U.S. Immigration and Customs Enforcement has continued to transfer detainees during the pandemic, putting them and staffers at risk, NBC News reported on Sunday. “Since ICE announced its first case in March, COVID-19 has surfaced in at least 55 of the roughly 200 facilities that ICE uses. More than 1,400 detainees have been infected, roughly half of all those tested, ICE data show. Two immigrants and three staffers have died,” NBC reported. “ICE declined to provide information on how many transfers have occurred throughout the pandemic. But NBC News identified nearly 80 since the pandemic was declared, and that is not a complete accounting.”

In a tweet thread on Sunday, Food and Drug Administration Administrator Dr. Stephen Hahn said hydroxychloroquine “remains a safe drug for approved indications” to treat the coronavirus. The anti-malaria drug touted by the president is extremely controversial between politicians and public health experts. “While we at FDA wait for data from controlled trials to determine the safety and efficacy of [hydroxychloroquine] for the treatment of #COVID19, physicians should make the decision about prescribing [hydroxychloroquine] while assessing the risks and benefits,” Hahn tweeted. FDA “does not regulate the practice of medicine. The agency neither endorses nor prohibits physicians from prescribing medications.”

The White House said on Sunday it’s giving Brazil 2 million doses of hydroxychloroquine and 1,000 ventilators to help with its coronavirus outbreak. Additionally, the two countries will be collaborating on coronavirus research. 

Dr. Robert Redfield, head of the Centers for Disease Control and Prevention, said that a study published on Friday shows the CDC’s coronavirus testing delays did not hinder the government’s coronavirus response. The study found the coronavirus didn’t start spreading until late January or early February and, “until late February, COVID-19 incidence was too low to be detected.”  However, some public health experts said the government could have been doing better public health surveillance, NPR reported.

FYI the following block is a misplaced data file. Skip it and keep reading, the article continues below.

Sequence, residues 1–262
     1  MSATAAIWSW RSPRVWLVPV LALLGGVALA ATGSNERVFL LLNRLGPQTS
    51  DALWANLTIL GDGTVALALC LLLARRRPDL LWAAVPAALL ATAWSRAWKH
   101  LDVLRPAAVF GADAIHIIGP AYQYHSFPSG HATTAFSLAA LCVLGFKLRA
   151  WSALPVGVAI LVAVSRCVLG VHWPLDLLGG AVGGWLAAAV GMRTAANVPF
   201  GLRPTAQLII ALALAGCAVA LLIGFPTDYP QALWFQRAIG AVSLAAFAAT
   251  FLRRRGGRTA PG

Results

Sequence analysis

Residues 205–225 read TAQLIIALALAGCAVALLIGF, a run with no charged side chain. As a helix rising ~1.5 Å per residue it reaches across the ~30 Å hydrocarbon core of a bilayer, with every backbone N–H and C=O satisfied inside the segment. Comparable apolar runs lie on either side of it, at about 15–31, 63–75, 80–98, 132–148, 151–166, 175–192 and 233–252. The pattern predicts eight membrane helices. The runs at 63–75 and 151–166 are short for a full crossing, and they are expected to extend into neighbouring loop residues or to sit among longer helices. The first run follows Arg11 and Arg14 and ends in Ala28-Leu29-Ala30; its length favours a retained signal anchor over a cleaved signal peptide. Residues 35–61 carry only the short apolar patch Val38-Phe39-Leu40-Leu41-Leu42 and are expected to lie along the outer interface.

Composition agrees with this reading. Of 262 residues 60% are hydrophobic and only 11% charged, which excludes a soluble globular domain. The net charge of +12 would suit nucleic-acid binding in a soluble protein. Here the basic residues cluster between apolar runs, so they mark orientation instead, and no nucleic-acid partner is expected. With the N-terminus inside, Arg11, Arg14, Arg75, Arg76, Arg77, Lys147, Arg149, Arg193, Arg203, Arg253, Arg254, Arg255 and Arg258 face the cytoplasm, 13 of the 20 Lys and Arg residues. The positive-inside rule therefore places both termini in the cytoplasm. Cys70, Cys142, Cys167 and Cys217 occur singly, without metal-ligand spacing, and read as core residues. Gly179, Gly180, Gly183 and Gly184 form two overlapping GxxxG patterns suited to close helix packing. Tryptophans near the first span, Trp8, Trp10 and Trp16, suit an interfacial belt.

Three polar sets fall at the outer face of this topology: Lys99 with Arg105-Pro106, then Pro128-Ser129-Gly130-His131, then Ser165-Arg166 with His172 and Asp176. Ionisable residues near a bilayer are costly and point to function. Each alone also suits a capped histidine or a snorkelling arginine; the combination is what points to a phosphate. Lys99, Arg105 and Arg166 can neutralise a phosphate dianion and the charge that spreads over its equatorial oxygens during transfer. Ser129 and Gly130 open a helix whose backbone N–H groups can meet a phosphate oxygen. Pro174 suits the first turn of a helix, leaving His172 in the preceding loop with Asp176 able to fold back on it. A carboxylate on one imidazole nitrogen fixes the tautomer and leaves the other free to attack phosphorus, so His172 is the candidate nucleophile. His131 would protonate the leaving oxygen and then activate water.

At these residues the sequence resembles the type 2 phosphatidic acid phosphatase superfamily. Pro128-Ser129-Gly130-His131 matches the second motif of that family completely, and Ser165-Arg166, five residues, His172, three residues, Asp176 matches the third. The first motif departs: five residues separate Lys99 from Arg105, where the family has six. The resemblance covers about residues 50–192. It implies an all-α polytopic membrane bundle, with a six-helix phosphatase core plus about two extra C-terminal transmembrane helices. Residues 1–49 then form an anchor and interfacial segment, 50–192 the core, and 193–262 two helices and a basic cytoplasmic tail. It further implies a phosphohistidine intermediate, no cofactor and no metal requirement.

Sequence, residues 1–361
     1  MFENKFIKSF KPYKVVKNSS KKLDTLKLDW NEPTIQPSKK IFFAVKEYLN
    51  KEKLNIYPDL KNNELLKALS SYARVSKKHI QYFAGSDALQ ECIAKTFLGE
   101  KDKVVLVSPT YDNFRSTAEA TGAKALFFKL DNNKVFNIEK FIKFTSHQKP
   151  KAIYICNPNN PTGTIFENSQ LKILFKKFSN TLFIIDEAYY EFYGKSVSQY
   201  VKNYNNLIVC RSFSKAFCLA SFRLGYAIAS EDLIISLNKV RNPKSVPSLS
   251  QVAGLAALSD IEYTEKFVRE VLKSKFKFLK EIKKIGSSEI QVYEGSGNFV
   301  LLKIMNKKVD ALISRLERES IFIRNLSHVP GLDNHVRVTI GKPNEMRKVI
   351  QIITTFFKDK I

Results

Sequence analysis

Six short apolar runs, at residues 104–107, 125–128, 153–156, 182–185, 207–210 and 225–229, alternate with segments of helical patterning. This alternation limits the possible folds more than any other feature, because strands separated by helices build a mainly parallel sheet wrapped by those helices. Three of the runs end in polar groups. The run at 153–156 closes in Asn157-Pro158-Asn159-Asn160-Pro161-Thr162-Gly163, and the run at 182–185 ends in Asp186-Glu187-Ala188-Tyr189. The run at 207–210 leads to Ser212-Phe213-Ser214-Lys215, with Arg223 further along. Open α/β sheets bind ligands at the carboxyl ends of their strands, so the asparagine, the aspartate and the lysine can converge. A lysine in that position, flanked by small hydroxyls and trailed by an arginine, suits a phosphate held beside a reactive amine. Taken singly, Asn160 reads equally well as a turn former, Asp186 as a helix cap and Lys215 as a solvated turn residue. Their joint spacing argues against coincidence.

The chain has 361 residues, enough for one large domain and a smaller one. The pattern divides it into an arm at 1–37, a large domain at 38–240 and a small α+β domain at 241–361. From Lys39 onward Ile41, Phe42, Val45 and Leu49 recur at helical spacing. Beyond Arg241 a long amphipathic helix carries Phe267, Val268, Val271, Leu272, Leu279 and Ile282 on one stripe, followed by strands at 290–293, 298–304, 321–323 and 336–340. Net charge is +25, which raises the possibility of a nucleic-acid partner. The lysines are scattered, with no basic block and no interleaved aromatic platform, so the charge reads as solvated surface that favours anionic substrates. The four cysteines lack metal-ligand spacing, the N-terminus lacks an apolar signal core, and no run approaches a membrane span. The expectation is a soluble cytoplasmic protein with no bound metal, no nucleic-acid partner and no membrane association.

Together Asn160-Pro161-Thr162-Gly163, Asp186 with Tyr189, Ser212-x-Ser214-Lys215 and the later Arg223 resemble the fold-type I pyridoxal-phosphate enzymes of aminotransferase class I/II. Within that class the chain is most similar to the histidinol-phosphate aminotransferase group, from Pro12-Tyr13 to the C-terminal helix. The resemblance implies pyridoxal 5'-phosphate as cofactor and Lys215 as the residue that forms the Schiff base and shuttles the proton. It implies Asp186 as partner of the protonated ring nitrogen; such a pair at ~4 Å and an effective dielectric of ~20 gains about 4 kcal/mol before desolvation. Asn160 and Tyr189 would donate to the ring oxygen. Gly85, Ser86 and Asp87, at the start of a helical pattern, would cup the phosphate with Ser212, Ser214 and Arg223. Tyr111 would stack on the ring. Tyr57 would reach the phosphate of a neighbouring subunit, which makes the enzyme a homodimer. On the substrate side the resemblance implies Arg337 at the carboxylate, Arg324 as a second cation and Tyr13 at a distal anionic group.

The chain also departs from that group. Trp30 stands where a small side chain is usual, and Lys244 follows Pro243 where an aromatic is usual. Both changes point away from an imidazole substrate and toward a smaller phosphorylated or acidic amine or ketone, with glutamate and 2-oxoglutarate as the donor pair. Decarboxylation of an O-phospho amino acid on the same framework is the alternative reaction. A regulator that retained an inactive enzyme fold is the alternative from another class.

Federal transportation agencies have spent millions of dollars on personal protective equipment and cleaning supplies during the pandemic. The Federal Aviation Administration “has spent $7 million for enhanced cleaning of roughly 50 air traffic control facilities where employees tested positive,” Politico reported on Monday. “[The Homeland Security Department] recently spent more than $5 million on 5.4 million surgical masks, according to federal contract records. And [the Transportation Security Administration] spent $1.2 million on sanitizer and wipes, including one contract with a Connecticut nonprofit disability center that recently pivoted to selling PPE.”

Upcoming: White House Press Secretary Kayleigh McEnany will have a briefing at 2 p.m. 

Today’s GovExec Daily podcast episode features the Justice Department's Jon Michael Seward talking about his decades of work fighting for minority communities' ability to access banking and credit.

Help us understand the situation better. Are you a federal employee, contractor or military member with information, concerns, etc. about how your agency is handling the coronavirus? Email us at newstips@govexec.com.